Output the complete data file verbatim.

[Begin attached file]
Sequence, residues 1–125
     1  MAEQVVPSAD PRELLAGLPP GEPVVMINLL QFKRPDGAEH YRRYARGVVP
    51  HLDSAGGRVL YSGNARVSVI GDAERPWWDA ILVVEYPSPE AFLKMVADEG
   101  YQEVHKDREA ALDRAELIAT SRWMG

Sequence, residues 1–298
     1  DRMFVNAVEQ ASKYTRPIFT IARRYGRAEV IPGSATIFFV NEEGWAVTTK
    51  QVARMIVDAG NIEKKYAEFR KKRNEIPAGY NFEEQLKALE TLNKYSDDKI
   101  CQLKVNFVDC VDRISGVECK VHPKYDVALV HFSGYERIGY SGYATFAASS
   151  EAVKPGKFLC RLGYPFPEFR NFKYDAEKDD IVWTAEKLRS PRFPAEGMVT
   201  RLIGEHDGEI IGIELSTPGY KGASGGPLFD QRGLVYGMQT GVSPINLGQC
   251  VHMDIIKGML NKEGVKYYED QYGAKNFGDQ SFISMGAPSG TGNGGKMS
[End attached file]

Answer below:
Sequence, residues 1–125
     1  MAEQVVPSAD PRELLAGLPP GEPVVMINLL QFKRPDGAEH YRRYARGVVP
    51  HLDSAGGRVL YSGNARVSVI GDAERPWWDA ILVVEYPSPE AFLKMVADEG
   101  YQEVHKDREA ALDRAELIAT SRWMG

Sequence, residues 1–298
     1  DRMFVNAVEQ ASKYTRPIFT IARRYGRAEV IPGSATIFFV NEEGWAVTTK
    51  QVARMIVDAG NIEKKYAEFR KKRNEIPAGY NFEEQLKALE TLNKYSDDKI
   101  CQLKVNFVDC VDRISGVECK VHPKYDVALV HFSGYERIGY SGYATFAASS
   151  EAVKPGKFLC RLGYPFPEFR NFKYDAEKDD IVWTAEKLRS PRFPAEGMVT
   201  RLIGEHDGEI IGIELSTPGY KGASGGPLFD QRGLVYGMQT GVSPINLGQC
   251  VHMDIIKGML NKEGVKYYED QYGAKNFGDQ SFISMGAPSG TGNGGKMS